Implementation Brief Reporting to the National Instant Criminal Background Check System and the HIPAA Privacy Rule
Posted on August 21, 2013 | Comments Off
On January 16, 2013, in the wake of the Newtown shootings, President Obama announced 23 executive orders aimed at reducing gun violence, including an instruction to the Department of Health and Human Services (HHS) to address any potential legal barriers to reporting to the National Instant Criminal Background Check System (NICS). On April 23, 2013, HHS issued an Advance Notice of Proposed Rulemaking (ANPRM) requesting public comments on whether the HIPAA Privacy Rule presents a barrier to reporting of individuals who should be prohibited from possessing firearms for specified mental health reasons (such as involuntary commitment to a mental institution).
Posted on August 20, 2013 | Comments Off
The Centers for Medicare and Medicaid Services (CMS) released the latest in their series of federal data service hubs agreements. This particular agreement requires state-based Marketplaces (SBM) to alert the the Center for Consumer Information and Insurance Oversight (CCIIO) within one hour of detecting possible breaches of personally identifiable information on the data hub. CCIIO will then contact the appropriate agency responsible for the information that may have been leaked (i.e. the Internal Revenue Service (IRS) would be notified if the SBM determined that income tax information was hacked). In addition to alerting the SBM of important security practices, this agreement was issued to help assuage concerns about the security and privacy of the information channeled through the hub.
Posted on August 19, 2013 | Comments Off
In a report, the Congressional Research Service (CRS) provides an explanation of the medical loss ratio (MLR). Under the Affordable Care Act (ACA), the MLR requires that insurers in the individual and small group market spend at least 80%, or 85% in the large group market, of premium dollars received on medical expenses for plan beneficiaries. If the insurer does not spend 80%, they must return the difference to beneficiaries in the form of a rebate. The MLR was instituted as a way to promote accountability and transparency for insurance company allocation of premium dollars. The CRS document clarifies that beneficiaries will only receive the rebate if the company as a whole does not meet the MLR threshold, not if the individual did not meet the threshold in his or her policy. Additionally, the MLR provisions only apply to fully-funded insurance plans. The CRS report also clarifies that some states do not have to adhere to MLR provisions if the US Department of Health and Human Services (HHS) determined that doing so would be detrimental to the state’s health insurance market.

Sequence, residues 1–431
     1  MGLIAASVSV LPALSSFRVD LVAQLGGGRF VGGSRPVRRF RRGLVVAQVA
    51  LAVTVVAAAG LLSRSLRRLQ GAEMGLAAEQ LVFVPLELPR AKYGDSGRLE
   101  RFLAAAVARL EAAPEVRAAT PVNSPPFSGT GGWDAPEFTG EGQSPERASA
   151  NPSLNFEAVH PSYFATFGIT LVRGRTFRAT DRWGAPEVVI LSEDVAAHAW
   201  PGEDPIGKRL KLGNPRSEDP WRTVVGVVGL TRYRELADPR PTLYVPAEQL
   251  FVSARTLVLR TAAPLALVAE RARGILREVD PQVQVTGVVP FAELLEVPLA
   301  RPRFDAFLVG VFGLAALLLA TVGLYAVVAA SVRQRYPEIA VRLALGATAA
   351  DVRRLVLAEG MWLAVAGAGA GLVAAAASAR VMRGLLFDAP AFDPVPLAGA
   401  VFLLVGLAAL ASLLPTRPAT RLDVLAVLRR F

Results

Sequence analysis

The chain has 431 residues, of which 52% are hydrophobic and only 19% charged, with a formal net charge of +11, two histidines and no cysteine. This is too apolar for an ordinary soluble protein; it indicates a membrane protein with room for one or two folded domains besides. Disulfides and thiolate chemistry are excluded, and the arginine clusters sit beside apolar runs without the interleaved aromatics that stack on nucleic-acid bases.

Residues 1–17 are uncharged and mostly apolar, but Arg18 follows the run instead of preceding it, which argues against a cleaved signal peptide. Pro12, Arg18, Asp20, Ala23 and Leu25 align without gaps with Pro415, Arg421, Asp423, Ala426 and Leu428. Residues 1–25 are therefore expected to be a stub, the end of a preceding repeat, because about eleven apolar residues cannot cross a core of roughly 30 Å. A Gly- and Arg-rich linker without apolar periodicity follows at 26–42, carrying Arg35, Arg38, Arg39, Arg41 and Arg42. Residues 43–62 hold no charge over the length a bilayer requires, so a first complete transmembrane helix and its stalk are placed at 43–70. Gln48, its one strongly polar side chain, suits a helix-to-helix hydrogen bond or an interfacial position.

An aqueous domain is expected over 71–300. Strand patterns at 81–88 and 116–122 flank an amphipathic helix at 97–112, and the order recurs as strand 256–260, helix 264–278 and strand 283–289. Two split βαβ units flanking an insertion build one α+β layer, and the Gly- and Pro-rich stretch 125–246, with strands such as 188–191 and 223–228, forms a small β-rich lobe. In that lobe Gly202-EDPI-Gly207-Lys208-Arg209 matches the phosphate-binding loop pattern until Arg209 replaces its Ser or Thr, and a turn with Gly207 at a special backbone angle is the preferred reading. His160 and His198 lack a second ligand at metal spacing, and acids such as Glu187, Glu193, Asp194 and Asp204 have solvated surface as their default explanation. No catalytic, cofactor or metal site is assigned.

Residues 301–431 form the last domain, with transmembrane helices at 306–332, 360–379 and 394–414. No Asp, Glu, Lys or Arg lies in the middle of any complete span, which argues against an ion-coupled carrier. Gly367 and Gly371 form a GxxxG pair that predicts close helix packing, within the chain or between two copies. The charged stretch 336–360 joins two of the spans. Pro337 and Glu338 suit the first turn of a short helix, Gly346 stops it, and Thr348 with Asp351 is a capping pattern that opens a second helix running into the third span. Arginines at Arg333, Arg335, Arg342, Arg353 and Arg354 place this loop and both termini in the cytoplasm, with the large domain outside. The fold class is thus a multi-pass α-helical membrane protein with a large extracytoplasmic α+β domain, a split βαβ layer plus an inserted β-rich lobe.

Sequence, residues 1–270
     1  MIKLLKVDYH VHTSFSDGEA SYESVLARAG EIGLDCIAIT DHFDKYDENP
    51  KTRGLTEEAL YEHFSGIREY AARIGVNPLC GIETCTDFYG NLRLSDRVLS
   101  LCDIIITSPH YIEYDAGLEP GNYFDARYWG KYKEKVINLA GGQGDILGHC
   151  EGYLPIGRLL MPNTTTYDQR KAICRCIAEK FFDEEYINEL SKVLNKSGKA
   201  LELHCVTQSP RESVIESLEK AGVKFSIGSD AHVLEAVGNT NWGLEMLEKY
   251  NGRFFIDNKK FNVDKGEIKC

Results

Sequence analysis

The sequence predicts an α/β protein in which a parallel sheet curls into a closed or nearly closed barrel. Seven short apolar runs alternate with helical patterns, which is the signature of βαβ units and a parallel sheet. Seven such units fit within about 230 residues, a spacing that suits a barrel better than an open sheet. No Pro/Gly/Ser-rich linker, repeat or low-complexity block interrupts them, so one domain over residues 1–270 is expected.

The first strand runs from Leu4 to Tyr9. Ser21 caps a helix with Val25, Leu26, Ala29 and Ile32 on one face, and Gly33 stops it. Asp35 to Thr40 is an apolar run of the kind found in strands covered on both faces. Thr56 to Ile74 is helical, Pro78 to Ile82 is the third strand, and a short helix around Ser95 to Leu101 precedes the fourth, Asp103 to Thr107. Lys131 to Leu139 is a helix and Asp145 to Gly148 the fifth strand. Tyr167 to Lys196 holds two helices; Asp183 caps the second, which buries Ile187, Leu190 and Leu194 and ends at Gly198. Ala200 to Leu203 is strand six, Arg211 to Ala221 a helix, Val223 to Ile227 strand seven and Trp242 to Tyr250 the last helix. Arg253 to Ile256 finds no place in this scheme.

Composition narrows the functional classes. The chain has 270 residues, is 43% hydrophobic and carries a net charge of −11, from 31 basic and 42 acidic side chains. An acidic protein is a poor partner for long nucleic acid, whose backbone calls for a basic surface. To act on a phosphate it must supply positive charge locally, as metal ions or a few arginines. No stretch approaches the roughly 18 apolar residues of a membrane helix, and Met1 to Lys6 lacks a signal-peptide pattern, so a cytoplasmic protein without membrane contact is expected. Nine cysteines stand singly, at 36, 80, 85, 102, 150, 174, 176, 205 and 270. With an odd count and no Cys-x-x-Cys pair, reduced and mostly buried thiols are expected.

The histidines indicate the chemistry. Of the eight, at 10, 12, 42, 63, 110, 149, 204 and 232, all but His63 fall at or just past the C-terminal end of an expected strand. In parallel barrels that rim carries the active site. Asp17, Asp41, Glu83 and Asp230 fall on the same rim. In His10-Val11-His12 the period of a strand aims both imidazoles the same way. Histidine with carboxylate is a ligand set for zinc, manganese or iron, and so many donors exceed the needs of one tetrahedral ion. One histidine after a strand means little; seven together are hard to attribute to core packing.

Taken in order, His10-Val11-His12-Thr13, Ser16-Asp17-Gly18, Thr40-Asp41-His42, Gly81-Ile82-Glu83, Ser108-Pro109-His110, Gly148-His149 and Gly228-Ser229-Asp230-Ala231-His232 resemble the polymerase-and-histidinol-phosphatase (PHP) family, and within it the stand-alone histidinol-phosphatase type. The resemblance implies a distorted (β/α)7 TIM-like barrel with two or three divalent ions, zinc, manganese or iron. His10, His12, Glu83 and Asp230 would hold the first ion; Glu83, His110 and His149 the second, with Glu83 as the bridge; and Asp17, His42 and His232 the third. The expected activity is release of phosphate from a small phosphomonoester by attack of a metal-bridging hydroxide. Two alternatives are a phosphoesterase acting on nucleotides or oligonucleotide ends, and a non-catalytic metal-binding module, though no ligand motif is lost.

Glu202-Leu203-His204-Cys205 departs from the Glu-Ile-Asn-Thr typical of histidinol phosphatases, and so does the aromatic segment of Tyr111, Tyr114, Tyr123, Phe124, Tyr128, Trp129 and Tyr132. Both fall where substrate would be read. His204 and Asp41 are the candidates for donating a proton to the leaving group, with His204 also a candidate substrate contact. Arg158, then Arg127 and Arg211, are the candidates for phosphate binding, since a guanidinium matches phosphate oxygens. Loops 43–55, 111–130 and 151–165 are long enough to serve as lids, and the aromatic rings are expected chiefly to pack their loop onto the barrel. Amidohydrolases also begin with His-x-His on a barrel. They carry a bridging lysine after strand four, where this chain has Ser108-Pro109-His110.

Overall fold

Posted on August 19, 2013 | Comments Off
On August 15th, the Internal Revenue Service (IRS) launched a website explaining the various tax components of the Affordable Care Act (ACA). The homepage of the website is divided into three sections, each tailored to a specific entity impacted by the ACA tax provisions. Some of the featured topics on the website include: premium tax credits on the individual market, new responsibilities for employers, and tax provisions for insurers, tax-exempt organizations, and other businesses. IRS also published a list of other ACA resources to assist individuals on issues not addressed on the website.
Posted on August 15, 2013 | Public Comment (1)
The US Department of Health and Human Services (HHS) announced today the entities receiving grants to serve as Navigators in federally-facilitated and state-partnership Marketplaces. As required by the Affordable Care Act (ACA), navigators are individuals and businesses tasked with assisting applicants in their plan selection within the health insurance Marketplaces. HHS stated that $67 million in grants will be dispersed amongst 105 Navigators, which consist of various care providers, schools, community groups, health departments, Planned Parenthood, and other groups.